Step by step recipe:

  1. 10 min.Praline : Photo of step #1
    Preheat oven to 150°C (300°F).

    Spread out 250 g whole almonds on a baking sheet, and put in the oven to dry roast for 5 to 10 minutes.
  2. 10 min.Praline : Photo of step #2
    Meanwhile heat 250 g caster sugar and 4 tablespoons water in a pan over high heat and bring to 120°C (250°F), the soft ball stage (an electronic thermometer is very useful here).
  3. 1 min.Praline : Photo of step #3
    Once this temperature is reached, remove the almonds from the oven and tip striaght into the sugar.
  4. 2 min.Praline : Photo of step #4
    Stir with a wooden spatula. After a few seconds the mixture should become grainy.

    If this does not happen immediately it is because the sugar has not reached 120°C (250°F) yet. Don't worry, just keep stirring for a while longer until the change occurs.
  5. Praline : Photo of step #5
    Turn down the heat to medium, and continue stirring the almonds non-stop...
  6. 15 min.Praline : Photo of step #6
    ... until the sugar caramelizes and the almonds are all coated with dark caramel.
  7. 10 min.Praline : Photo of step #7
    Then tip out the contents of the pan onto a sheet of cooking parchment or onto a silicon mat.

    Leave to cool.
  8. 3 min.Praline : Photo of step #8
    Crush into small pieces and put in the blender.
  9. 1 min.Praline : Photo of step #9
    Blend until obtaining a powder (a few seconds), if this is what you require.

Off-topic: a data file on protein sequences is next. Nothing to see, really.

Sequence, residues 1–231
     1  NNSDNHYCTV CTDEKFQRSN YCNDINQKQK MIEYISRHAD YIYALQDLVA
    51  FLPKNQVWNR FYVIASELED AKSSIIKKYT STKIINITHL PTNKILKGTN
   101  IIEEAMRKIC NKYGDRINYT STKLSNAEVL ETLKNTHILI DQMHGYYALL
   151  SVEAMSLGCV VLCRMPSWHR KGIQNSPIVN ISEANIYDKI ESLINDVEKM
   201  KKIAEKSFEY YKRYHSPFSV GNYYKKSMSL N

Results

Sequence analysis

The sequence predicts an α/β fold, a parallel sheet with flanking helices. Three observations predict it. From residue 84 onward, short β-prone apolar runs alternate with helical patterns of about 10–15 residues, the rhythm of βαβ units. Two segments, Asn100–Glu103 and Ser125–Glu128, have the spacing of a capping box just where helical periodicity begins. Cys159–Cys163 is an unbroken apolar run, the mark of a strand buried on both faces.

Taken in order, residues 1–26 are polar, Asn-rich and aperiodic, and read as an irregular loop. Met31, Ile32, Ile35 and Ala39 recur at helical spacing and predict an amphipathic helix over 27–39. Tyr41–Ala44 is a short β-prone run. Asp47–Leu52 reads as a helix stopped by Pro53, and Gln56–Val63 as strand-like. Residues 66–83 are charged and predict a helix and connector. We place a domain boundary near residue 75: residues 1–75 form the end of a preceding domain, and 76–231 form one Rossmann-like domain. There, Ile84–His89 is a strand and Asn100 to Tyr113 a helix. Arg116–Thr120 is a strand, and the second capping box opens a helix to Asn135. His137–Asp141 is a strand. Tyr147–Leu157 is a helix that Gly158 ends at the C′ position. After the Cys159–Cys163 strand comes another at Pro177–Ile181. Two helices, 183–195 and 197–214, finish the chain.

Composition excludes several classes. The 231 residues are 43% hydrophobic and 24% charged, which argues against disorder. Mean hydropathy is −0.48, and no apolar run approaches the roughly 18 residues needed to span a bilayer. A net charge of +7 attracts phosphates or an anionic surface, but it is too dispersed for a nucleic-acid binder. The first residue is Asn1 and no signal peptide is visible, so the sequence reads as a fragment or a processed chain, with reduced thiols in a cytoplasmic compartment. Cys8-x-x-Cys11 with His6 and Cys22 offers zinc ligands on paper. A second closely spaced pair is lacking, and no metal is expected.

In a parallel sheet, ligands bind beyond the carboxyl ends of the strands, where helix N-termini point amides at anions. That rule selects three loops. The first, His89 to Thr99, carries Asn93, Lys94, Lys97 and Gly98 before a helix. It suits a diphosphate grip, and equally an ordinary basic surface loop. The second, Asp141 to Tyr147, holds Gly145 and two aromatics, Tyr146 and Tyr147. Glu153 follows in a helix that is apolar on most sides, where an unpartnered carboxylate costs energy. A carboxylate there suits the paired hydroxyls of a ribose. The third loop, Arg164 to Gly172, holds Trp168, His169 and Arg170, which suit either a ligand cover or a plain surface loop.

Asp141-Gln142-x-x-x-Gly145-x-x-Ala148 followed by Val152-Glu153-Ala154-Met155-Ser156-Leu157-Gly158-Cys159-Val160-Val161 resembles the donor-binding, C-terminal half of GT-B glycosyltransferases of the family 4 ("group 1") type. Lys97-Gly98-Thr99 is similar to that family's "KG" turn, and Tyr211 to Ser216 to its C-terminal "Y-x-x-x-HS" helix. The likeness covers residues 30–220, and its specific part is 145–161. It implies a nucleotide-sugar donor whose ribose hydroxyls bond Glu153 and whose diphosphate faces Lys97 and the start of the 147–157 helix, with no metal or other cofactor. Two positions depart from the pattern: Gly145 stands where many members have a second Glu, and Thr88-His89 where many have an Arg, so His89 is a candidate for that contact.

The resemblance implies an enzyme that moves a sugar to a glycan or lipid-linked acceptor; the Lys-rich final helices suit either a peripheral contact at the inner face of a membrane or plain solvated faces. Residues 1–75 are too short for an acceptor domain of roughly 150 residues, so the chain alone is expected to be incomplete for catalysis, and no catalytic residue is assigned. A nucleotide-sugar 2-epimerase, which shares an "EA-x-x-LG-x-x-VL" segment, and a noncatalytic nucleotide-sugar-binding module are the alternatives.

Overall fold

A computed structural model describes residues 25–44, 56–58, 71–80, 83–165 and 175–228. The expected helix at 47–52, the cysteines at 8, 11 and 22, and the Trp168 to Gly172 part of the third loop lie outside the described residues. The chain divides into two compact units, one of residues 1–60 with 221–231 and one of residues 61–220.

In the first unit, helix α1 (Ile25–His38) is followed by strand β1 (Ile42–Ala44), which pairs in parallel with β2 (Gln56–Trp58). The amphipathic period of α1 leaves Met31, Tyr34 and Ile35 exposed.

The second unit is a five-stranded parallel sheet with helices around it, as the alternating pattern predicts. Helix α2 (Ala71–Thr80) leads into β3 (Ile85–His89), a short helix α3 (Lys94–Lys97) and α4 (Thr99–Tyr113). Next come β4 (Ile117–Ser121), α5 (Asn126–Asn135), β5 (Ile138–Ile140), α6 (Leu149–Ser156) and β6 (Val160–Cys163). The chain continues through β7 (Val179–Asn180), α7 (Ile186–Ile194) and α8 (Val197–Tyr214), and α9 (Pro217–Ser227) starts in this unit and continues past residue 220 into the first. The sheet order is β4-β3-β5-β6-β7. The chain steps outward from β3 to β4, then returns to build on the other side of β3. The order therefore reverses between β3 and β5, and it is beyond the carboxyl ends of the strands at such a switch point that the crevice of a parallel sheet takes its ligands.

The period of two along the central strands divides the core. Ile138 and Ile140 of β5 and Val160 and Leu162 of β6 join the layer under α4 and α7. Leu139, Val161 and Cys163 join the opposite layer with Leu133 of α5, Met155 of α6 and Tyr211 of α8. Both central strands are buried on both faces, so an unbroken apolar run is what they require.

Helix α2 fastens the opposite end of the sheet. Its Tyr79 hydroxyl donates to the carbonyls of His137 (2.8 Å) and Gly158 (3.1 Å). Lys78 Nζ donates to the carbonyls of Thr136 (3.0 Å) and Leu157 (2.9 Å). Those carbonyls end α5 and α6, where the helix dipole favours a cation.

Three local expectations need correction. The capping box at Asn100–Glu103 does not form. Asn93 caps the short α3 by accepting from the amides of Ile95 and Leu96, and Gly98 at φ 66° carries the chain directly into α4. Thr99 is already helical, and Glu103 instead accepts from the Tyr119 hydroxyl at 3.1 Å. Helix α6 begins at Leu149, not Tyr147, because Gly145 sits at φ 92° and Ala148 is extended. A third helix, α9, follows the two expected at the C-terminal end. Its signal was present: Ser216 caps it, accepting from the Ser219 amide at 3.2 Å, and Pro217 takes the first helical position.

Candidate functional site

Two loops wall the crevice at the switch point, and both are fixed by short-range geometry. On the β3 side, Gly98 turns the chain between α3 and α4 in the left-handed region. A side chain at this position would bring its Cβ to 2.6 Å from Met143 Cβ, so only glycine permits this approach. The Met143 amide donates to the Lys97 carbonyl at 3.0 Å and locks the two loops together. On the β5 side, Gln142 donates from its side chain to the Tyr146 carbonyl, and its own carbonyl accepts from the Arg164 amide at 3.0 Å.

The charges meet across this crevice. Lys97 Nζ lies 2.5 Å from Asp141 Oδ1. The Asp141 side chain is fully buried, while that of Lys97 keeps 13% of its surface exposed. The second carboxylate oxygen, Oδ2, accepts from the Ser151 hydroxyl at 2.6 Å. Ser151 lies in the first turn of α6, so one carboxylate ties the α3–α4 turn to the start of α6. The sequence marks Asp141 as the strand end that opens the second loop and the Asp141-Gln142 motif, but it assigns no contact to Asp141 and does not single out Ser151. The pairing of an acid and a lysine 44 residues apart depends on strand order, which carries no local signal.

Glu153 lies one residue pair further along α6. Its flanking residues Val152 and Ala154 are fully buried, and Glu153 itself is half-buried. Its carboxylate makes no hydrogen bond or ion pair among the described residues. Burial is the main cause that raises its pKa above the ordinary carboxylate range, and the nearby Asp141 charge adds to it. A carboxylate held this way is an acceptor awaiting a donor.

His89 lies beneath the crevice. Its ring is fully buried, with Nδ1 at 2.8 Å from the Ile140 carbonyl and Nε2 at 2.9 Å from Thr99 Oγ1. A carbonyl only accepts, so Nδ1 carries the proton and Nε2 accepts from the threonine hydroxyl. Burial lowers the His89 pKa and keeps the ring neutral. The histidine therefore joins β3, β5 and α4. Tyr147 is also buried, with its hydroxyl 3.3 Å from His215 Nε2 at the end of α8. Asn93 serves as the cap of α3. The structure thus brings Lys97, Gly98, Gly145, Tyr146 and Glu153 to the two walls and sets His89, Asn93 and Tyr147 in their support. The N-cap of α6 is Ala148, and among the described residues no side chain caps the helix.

10. 3 min.Praline : Photo of step #10
    If you need praline paste, continue blending and the mixture will transform itself into a paste.
  11. Praline : Photo of step #11
    Both kinds of praline should be kept in airtight jars, the paste refrigerated and the powder at room temperature.


In this recipe for almond praline, it's important to keep the almonds in their skins to retain their full flavour. It's also possible to make hazelnut praline, but for this the skins should be removed as they add nothing.

Praline is named after Maréchal de Choiseul du Plessis-Praslin, an ambassador under Louis XIII, who asked his cook to invent a sweet for him. The cook came up with the idea of coating almonds in caramel, or "praline". These caramalized nuts, when crushed, give us the praline filling for chocolates.

Recipes which use it: 3

Succès praliné (praline meringue)
Succès praliné (praline meringue)
Praline rochers
Praline rochers


After Gaston Lenôtre.

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